Tragedy Stirs debate on Stand Your Ground Laws and Racial Stereotypes
By: Houston Criminal Lawyer John Floyd and Paralegal Billy Sinclair
In February, 2012, we posted a piece about Texas’ version of the “stand your ground” law which was passed by the Legislature in 2007. Our piece examined a November 2011 decision by the Texas Court of Criminal Appeals, Morales v. State—the court’s first real opportunity to interpret the “stand your ground” self-defense which was inspired by the Florida “stand your ground” law and which has been the focus of bitter controversy surrounding the February 26, 2012 shooting death of Trayvon Martin by George Zimmerman.
For purposes of this discussion, we will only utilize some of the different accounts placed in the public record about what transpired that night. A grand jury will soon hear the case and determine if there is sufficient “probable cause” to indict Zimmerman for killing the 17-year-old Martin. ABC News and Reuters have assembled excellent timelines about the emotionally and politically charged case. We would only comment that pundits for Fox News and MSNBC have shamefully fueled the racial tension this case has unleashed across the country.
While no one really knows exactly what happened that February 26 night when Martin and Zimmerman confronted each other on a street in the gated community in which they both resided in Sanford, Florida, a number of indisputable core facts have emerged. Trayvon was living with his father, Tracy, at the time he was killed. The 17-year-old went to a convenience store where he purchased some Skittles and a bottle of tea. He was wearing a hooded sweatshirt, much like many other teenagers do in America. He was talking to his girlfriend on a cell phone as he walked home.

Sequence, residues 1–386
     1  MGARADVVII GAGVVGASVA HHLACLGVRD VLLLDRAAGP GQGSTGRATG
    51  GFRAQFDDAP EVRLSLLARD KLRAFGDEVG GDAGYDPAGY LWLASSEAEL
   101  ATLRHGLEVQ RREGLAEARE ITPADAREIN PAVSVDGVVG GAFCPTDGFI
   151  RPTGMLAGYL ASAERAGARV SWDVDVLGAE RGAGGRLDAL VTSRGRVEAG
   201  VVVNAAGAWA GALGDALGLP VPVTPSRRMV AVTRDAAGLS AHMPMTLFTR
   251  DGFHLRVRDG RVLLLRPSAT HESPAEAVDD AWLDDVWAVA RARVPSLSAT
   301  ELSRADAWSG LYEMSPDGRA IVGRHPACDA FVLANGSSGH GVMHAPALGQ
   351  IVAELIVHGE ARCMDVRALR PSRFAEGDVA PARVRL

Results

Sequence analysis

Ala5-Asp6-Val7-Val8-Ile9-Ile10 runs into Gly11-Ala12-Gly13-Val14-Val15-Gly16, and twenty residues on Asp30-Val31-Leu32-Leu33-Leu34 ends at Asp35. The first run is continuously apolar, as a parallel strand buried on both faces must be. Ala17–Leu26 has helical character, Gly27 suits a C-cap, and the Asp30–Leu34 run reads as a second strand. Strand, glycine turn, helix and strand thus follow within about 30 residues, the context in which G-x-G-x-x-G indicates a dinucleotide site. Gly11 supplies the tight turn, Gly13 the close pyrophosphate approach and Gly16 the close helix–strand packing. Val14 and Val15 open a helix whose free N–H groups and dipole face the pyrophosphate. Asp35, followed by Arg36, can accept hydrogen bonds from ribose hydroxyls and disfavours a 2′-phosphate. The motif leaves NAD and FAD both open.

George Zimmerman was a member of a neighborhood “crime watch” group. These groups consist of volunteers who patrol the streets of their community looking for suspicious behavior, or real criminal activity. Some of the volunteers are individuals who want to be policemen. George Zimmerman was one of those individuals who wanted to be a cop. That February 26 night Zimmerman saw Trayvon walking down the street. He thought the teenager was acting suspiciously. He called and reported his concerns to a 911 operator—something he had done on other occasions. Zimmerman told the 911 operator he was going to follow Trayvon. He was instructed not to do that by the 911 operator.
Zimmerman did anyway, and a few minutes later, just 70 feet from Tracy Martin’s home, Trayvon and Zimmerman had their confrontation. It is not really known which one escalated that initial verbal confrontation into a physical one. Witnesses described hearing loud verbal exchanges, shouts, screams and a gunshot captured during a 911 call.
Under Texas’ “stand your ground” law, the prevailing party in such a confrontation has a legally recognized “self defense” claim if he can show the use of deadly force was a reasonable response to the confrontation. Texas’ “stand your ground” law provides that “deadly force” is justified if a person “reasonably believes the deadly force is immediately necessary … to protect himself against the other’s use or attempted use of unlawful deadly force.”
Before the 2007 “stand your ground” creation, an individual could not claim self defense in a confrontation if he/she had an opportunity to retreat, to disengage from the confrontation. The “duty to retreat” no longer exists in Texas—if a person has a right to be present at the location where the deadly force is used, and did not provoke the confrontation, he can plead that he “reasonably acted” in self defense and is accorded a legal “presumption” that he did so.